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Montevideo, October 31st 2020 - 02:01 UTC

 

 

Argentina extends debt negotiations deadline to “increase participation” and “better alternatives”

Tuesday, May 12th 2020 - 09:00 UTC
Full article 4 comments
Argentina's Economy Ministry said in the gazette that it had extended the deadline to “increase participation” after taking stock of the current offer Argentina's Economy Ministry said in the gazette that it had extended the deadline to “increase participation” after taking stock of the current offer

Argentina will extend negotiations over a US$ 65bn debt restructuring proposal until May 22, the government said in the official gazette on Monday. The extension sets the stage for tense last-ditch talks as Argentina races to avoid default.

The new deadline, which comes after an initial deadeline passed on Friday without the support needed for a comprehensive deal, means the offer will expire the same day Argentina could trigger default over a US$ 500m interest payment.

Argentina is racing to revamp unsustainable debts amid a painful recession, high inflation, and increasingly expensive borrowing costs as concerns over a potential ninth sovereign default have rattled investors and hit bond prices.

The talks so far have not been simple, with three major creditor groups rejecting the initial proposal and pushing for improved terms. Argentine officials have said the country cannot afford to pay more, though they are open to counterproposals.

“Clearly, both sides are playing hardball,” Capital Economics said in a note on Monday, adding that the talks were likely to drag on and that creditors could face large haircuts, especially with the global coronavirus pandemic sapping growth.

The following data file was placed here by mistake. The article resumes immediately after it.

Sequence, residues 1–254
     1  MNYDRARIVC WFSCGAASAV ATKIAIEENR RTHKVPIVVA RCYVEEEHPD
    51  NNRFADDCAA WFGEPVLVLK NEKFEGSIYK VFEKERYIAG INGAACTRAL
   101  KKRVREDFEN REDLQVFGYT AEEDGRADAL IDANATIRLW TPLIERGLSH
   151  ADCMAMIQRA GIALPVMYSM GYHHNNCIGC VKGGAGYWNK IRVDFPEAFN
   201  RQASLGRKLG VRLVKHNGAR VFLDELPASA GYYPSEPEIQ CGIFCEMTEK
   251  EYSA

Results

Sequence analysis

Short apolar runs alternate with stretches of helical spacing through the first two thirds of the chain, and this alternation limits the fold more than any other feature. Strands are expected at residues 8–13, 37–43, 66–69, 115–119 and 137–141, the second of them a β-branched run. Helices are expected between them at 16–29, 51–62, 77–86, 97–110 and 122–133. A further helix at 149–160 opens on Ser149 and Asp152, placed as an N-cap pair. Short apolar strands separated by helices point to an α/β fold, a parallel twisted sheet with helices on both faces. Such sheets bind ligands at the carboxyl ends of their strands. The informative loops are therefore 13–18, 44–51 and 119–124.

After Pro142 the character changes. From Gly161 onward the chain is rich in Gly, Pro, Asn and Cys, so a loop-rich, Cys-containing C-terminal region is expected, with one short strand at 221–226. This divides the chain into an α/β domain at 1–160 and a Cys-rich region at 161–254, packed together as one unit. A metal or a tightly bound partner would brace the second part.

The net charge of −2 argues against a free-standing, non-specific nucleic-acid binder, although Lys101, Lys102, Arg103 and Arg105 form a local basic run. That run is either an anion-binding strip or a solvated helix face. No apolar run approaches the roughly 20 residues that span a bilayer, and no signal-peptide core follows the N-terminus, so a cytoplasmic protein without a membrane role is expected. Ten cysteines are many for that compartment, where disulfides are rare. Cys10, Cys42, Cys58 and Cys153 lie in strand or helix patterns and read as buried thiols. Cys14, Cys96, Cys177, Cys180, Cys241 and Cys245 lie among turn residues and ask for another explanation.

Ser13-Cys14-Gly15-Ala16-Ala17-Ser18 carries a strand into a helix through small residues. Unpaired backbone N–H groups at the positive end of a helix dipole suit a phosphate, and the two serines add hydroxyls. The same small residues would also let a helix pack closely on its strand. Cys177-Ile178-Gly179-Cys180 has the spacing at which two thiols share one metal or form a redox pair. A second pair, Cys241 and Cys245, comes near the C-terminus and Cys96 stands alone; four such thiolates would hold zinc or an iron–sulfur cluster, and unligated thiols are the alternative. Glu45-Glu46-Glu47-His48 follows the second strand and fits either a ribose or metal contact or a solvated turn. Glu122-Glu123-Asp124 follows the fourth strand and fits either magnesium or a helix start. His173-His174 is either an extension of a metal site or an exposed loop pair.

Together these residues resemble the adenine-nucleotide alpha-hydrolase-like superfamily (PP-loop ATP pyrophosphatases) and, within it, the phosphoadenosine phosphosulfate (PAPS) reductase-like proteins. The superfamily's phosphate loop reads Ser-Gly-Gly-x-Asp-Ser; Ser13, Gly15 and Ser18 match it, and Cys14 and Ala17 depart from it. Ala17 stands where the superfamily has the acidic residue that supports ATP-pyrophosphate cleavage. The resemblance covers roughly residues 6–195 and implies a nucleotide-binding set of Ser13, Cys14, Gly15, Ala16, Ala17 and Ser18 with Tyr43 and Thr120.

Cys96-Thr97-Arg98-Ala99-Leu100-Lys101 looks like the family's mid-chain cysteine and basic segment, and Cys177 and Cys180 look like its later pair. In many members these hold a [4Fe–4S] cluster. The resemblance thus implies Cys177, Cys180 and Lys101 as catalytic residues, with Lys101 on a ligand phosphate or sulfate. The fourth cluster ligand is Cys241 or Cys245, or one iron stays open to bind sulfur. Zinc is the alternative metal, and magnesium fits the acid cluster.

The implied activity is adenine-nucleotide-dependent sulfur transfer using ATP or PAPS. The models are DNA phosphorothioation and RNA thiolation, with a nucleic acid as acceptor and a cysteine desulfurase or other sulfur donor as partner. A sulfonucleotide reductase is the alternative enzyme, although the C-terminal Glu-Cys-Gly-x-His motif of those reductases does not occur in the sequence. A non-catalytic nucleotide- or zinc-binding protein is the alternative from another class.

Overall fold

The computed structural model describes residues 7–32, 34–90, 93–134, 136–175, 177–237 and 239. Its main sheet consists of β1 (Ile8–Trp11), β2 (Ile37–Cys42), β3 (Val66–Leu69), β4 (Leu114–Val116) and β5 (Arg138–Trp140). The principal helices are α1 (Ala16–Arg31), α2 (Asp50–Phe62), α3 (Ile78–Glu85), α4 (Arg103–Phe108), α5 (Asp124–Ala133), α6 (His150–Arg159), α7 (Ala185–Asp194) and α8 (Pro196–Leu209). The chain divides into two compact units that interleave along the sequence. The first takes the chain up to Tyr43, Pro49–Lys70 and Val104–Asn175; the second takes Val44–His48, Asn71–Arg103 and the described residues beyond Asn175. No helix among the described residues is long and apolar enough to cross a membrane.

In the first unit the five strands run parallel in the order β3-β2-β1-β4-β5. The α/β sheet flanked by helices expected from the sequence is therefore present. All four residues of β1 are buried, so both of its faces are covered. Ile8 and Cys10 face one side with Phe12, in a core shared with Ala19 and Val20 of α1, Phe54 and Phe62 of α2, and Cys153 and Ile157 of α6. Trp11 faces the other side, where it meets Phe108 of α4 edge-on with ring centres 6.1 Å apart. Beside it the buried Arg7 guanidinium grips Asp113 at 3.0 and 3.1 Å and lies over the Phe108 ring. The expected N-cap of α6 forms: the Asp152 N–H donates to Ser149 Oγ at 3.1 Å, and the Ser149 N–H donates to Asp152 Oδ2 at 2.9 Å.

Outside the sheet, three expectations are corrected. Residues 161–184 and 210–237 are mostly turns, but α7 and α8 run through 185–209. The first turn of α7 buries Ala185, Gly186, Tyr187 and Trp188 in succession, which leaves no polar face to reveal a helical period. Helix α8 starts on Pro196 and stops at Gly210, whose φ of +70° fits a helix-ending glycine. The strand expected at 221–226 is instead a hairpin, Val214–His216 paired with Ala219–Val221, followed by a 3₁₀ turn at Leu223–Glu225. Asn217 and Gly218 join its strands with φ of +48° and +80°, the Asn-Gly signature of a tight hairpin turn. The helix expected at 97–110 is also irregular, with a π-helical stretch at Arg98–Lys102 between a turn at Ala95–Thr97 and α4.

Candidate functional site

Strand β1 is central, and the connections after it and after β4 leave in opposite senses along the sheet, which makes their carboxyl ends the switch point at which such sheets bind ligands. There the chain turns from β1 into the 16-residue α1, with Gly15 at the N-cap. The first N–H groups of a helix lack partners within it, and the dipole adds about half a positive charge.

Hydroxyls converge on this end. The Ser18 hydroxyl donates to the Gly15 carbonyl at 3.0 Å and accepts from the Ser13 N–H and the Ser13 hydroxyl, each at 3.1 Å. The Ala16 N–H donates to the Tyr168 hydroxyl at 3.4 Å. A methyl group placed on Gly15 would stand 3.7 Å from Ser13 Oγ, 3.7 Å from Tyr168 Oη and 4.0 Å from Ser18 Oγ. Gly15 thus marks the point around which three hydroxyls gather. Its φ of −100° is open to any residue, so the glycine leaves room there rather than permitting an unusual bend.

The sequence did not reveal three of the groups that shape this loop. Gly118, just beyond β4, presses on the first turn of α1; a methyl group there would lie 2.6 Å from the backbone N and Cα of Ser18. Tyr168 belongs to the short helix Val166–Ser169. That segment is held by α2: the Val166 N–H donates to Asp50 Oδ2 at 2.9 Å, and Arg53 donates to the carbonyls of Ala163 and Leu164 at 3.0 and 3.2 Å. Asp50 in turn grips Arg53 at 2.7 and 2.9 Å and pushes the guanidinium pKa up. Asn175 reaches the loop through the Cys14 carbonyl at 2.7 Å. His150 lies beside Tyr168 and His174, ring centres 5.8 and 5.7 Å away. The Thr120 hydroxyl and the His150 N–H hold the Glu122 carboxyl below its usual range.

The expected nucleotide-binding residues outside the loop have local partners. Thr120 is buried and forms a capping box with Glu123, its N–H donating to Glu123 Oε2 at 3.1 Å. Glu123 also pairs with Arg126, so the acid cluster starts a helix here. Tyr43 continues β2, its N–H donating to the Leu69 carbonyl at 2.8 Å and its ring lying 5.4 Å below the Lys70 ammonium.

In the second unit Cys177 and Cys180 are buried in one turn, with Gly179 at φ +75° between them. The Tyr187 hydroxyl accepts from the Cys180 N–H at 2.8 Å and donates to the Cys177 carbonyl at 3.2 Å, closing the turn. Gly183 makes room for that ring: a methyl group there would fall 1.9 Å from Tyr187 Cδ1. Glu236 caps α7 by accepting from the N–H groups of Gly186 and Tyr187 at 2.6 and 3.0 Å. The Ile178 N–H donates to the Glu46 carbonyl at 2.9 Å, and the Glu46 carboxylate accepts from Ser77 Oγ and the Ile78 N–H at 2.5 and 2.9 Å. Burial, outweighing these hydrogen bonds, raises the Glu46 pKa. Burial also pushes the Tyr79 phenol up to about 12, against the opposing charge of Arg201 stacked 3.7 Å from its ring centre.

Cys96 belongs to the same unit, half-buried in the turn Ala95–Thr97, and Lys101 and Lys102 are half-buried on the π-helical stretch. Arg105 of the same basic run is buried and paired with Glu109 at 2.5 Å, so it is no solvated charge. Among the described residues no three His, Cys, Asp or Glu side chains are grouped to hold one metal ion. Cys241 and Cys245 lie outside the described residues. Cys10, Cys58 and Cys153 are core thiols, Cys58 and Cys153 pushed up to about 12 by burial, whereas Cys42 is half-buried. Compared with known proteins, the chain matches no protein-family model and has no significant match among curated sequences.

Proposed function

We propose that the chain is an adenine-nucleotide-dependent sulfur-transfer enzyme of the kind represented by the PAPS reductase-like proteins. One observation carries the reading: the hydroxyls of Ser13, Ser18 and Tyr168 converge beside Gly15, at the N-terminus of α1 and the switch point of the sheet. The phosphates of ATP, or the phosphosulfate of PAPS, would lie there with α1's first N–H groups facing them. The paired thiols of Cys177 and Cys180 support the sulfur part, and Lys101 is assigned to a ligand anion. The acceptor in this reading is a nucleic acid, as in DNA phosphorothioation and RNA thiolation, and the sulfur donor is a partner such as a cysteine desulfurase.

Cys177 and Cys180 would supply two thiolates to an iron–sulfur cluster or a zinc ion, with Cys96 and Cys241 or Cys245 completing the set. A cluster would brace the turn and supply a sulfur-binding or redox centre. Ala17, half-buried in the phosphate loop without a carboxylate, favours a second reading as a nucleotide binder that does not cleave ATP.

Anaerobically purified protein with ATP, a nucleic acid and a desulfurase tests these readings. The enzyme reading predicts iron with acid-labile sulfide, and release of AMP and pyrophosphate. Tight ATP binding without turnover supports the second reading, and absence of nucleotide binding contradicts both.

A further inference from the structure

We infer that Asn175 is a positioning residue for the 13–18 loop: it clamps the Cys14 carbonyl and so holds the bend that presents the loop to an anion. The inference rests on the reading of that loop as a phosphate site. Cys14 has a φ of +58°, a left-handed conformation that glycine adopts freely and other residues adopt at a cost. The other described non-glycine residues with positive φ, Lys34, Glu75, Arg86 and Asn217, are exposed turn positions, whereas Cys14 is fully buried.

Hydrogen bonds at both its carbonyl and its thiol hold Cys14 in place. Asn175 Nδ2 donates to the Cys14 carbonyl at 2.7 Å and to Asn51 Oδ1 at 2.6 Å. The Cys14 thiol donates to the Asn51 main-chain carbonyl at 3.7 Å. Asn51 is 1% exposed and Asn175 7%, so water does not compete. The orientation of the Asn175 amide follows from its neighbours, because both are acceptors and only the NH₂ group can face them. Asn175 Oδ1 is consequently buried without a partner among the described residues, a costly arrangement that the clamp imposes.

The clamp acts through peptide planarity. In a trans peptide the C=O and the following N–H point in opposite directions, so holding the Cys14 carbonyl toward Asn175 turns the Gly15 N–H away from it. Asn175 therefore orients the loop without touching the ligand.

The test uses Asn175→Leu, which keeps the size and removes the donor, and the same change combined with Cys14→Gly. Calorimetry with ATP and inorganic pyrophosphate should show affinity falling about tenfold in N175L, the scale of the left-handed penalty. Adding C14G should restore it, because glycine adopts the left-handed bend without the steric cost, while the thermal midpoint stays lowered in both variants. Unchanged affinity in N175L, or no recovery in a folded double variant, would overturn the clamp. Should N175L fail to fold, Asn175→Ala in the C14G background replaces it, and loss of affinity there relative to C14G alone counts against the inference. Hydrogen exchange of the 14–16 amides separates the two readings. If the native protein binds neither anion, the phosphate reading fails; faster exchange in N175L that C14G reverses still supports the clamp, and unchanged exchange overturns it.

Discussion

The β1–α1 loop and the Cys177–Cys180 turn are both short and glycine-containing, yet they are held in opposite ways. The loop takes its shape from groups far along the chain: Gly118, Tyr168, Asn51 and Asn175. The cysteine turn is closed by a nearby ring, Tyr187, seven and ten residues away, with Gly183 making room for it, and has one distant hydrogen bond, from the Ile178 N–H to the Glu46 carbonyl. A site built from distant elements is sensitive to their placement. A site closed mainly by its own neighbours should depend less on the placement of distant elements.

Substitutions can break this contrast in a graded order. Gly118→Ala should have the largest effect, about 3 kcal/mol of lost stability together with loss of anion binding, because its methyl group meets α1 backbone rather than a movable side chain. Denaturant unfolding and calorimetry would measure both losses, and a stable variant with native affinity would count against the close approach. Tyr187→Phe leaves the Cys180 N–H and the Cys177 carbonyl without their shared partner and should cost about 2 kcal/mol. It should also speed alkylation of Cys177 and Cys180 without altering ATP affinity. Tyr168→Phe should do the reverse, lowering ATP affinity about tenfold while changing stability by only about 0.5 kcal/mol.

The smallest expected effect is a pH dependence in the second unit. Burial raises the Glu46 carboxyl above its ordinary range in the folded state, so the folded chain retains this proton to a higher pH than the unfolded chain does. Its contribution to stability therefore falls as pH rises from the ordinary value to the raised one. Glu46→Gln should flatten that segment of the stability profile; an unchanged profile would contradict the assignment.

“The government is facing ever-growing demands on its purse as the health crisis continues,” it said. “Accordingly, recovery rates for foreign bondholders of around 30 percent are looking increasingly likely.”

Analysts calculate that the current offer - which includes a three-year payment halt, a large cut to coupon payments and maturities pushed back to 2030 and beyond - amounts to a net present value of around 30 to 35 percent. Bondholders say this needs to be raised to gain support.

Argentina's Economy Ministry said in the gazette that it had extended the deadline to “increase participation” after taking stock of the current offer. The government has not said what exact level of support that offer garnered.

“While many of our bondholders supported Argentina's invitation, other significant groups of creditors did not,” the ministry said in a statement, adding that the government remained open to discussing the way forward.

“Among those that rejected Argentina's offer, several have indicated that there are better alternatives that can be reconciled with the objectives that this administration has set for itself and the Argentine people.”

The invitation closes on May 22 at 5pm New York time (21:00 GMT). The results of the offer will be announced around May 25 with a settlement date of May 27.

The bonds in question include collective action clauses, which means the government needs to meet a threshold of investor support to move ahead with comprehensive restructuring.

Argentina's bonds, which have fallen steeply since the middle of last year, are already trading at distressed levels, with most around 25 to 30 cents on the dollar.

Goldman Sachs said in a note that without a deal, it was likely Argentina would default on May 22, though it did not rule out payment if a deal looked close at hand. The investment bank noted the signs were that participation had been low.